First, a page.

The 16th Annual
The Porcupine Awards - 2005

for an outstanding musical accompanist

Peter Jellard, Toronto

A talented multi-instrumentalist, I can’t think of anyone who fits the philosophy of this award more. While his main passion is playing fiddle and accordion, Jellard has also been recorded playing the sax, banjo and electric guitar. His love of Cajun and Zydeco music is balanced by his caring temperament when he hooks up with traditional Irish and Quebecois players. He was one of the first Canadian musicians to start a Cajun band – The Cajun Ramblers, while also performing with The Grievous Angels and currently, Swamperella.

only virtuosos need apply!


A most unusual musical thinker, this guitarist / mandolinist has been at the forefront of contemporary change, pushing the boundaries a little wider with each note he plays. Having recorded with Harry Manx, Folk Alarm and The Sisters, his driving chords and progressive melody lines have certainly had an impact on the rules of musical nature.

This is the Mac Beattie Award for musicians who are proud to be identifiably Canadian.

BRENT QUADE, Quadeville, ON

There is nothing superficial with this guy. His album is amateurish, just a collection of his songs recorded on the cheap. That said, he’s the real deal. A rare gem to find in an ocean of music. He sings about what he knows, borrowing time honoured melodies, using a simple country music style you’d think was dead and buried. His songs reflect what goes on in the Madawaska farm and timber country where Mac Beattie used to perform with his Melodiers.

The find of the year Award!


An animated young singer that is creating quite a scene, whether performing in the duo called The Undesirables or with his own band, The Sundowners, Raymond has that magical touch giving him the ability to be quite an engaging performer. His self penned songs work well whether in concert or laid down on record. Very listenable, likeable and accessible – he hits all the pressure points.

that which was brought here to enrich us all


Originally from the Ottawa Valley, Merovitz broke onto the music scene singing for the Flying Bulgar Klezmer Band. His passion for Yiddish singing inspired others to help revive a fading cultural art form. After living in Calgary for several years, he has recently moved back east. Has been recorded singing with many other Klezmer type bands over the years.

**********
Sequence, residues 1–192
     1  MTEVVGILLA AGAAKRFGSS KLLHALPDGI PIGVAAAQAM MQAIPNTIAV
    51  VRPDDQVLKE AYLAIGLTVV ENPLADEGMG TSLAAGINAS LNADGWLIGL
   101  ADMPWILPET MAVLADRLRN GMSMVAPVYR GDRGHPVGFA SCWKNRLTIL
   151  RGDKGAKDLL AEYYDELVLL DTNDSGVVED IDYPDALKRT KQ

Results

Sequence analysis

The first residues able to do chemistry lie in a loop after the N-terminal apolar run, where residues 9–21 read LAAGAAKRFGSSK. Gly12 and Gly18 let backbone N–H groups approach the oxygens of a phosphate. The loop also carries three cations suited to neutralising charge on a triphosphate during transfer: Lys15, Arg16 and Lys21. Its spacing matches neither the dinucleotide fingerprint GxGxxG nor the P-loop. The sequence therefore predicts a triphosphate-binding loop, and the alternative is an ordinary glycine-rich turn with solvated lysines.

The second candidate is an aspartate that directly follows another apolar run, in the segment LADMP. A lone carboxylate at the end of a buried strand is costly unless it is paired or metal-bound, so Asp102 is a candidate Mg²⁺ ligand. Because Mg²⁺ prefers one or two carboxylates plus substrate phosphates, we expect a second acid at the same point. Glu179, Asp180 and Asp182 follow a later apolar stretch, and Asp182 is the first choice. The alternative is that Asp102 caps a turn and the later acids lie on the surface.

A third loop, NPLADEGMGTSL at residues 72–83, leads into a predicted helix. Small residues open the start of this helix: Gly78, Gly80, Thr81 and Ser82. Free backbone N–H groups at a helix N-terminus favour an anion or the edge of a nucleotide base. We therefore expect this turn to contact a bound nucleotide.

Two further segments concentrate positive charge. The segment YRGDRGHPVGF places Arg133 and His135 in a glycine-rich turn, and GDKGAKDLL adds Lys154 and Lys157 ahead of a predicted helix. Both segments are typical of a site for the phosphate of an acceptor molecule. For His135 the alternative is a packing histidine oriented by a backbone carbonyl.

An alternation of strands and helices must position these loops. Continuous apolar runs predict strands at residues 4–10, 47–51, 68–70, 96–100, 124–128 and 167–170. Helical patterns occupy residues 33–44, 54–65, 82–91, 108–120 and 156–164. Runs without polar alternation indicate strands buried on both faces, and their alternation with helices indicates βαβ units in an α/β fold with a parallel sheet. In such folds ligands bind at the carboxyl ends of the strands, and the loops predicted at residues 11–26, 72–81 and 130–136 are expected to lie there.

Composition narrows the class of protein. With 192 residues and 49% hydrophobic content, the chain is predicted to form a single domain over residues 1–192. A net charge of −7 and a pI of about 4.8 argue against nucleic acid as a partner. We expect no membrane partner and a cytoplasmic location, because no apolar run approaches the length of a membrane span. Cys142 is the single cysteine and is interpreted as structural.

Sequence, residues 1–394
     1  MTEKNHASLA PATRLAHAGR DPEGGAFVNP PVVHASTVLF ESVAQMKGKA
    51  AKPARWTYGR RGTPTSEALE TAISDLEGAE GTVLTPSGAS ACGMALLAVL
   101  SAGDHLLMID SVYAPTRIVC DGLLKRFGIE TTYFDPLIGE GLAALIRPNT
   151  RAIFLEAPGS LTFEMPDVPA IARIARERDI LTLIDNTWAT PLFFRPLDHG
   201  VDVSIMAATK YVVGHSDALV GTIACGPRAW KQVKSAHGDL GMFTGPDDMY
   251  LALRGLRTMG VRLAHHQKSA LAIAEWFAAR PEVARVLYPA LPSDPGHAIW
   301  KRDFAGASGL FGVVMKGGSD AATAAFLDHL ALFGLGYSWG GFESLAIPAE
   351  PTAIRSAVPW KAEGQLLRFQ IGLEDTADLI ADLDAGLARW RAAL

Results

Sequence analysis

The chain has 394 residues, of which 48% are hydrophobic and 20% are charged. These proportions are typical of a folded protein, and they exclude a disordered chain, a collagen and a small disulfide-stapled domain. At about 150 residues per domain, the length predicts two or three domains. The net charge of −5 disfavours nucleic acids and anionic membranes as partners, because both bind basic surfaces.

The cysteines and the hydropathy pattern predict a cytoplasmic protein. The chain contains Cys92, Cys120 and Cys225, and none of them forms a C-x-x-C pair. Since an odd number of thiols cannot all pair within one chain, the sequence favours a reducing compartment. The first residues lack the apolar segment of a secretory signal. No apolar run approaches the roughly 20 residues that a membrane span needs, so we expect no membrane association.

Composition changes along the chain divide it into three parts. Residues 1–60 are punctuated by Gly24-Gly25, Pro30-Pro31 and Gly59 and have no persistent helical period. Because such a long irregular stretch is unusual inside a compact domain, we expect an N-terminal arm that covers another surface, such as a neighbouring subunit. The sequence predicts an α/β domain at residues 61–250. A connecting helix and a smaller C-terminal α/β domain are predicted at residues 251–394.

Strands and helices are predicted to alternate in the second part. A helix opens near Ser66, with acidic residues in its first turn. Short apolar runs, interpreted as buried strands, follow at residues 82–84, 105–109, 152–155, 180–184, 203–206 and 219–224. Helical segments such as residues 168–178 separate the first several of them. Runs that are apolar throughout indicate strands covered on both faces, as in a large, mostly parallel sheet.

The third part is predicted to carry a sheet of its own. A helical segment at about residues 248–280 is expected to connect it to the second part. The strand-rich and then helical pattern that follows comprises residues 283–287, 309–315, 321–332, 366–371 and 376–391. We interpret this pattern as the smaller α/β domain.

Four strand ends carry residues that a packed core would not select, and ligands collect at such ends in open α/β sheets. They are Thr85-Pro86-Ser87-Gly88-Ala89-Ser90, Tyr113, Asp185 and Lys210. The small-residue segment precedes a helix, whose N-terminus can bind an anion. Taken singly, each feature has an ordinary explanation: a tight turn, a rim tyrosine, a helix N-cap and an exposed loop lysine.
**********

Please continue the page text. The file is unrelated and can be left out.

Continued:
something or someone that's way out there and not stopping


He released a double CD of music that goes wherever his universe seems to unfold. Utilizing the unquestioning loyalty of a plethora of musicians who have played in his various musical projects, from the Mountainside Band to the Woodchoppers Association, it’s a combination of folk, jazz, surreal, classical, has the ability to soften then shrill and is always undeniably interesting. Taking music as far from its roots as possible without ever losing site of his home planet.

a song is a song is a song eh? Ya, right!


Brian has the ability to utilize a musical genre but not be limited by it when he composes his precious songs. He uses the blues and yet his songs weave in and out of them. Incorporating modern day life that fits in perfectly with this over-used musical style, he brings going to meetings, dating a girl with a Saab, or being a high tech guru with a slightly humorous detachment. He is the Buddha of the Blues.

one that keeps coming back at you



Not only are these guys an infectious group of performers with energy burning from their rims, they can relay the time honoured essence of a good song that lingers in the memory long after you’ve heard it. Blending hillbilly soul with Manitoba punkishness, this song has a great melody line, a great refrain and a shocking title that keeps it at the forefront.

to those who make CDs sound so great



Having worked with Junkhouse and various Hamilton musicians, Marshall is a holdover from the days of Grant Avenue Studio. His mentors included Daniel Lanois. He rubbed shoulders with soundscape artists like Scott Merritt. He works from a renovated small church in a quiet neighbourhood and tries to capture the heart and soul of the artists he produces. His latest work has seen him in New York City with Peter Yarrow. The thing is, just about everybody you talk to that has worked with this guy loves him.

just a good excuse to recognize another great CD